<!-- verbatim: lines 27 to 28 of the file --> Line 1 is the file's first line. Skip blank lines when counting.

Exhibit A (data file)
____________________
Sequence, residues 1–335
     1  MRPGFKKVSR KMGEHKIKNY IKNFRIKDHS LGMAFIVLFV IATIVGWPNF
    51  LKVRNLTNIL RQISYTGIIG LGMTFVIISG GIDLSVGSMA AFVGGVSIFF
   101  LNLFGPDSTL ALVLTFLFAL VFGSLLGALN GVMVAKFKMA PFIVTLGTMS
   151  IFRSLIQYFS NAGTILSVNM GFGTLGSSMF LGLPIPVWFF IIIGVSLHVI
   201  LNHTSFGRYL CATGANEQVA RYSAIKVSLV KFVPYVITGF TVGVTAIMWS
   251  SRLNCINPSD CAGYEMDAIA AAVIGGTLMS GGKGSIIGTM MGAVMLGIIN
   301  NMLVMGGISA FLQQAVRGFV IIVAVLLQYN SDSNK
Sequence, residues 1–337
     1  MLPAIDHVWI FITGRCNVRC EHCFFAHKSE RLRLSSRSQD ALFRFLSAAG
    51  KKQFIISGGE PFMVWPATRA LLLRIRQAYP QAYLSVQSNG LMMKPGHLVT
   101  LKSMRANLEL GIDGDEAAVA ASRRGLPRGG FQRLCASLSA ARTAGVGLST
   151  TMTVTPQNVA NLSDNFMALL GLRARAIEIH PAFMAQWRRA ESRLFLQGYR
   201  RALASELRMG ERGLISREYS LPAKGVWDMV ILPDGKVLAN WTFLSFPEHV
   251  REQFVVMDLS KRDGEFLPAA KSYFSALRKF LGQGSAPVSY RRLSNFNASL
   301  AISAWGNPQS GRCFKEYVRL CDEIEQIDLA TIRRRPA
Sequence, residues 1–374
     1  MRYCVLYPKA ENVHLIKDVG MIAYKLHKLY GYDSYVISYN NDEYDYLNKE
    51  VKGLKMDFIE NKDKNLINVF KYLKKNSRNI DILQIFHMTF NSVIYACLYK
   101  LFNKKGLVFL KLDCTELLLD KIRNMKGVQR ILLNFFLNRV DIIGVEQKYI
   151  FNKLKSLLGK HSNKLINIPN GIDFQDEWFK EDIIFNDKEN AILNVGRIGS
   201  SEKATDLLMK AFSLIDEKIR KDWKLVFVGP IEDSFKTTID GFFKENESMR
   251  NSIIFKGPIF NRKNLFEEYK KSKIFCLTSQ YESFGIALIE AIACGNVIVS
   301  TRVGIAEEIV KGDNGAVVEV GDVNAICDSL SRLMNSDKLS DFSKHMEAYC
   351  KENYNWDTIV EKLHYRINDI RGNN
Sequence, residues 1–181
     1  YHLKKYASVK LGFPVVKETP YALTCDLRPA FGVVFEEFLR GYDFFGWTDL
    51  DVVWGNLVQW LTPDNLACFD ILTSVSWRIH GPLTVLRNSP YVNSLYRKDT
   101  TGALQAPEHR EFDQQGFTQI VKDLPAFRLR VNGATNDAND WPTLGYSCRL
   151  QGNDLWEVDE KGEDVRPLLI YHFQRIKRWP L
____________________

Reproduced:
     1  YHLKKYASVK LGFPVVKETP YALTCDLRPA FGVVFEEFLR GYDFFGWTDL
    51  DVVWGNLVQW LTPDNLACFD ILTSVSWRIH GPLTVLRNSP YVNSLYRKDT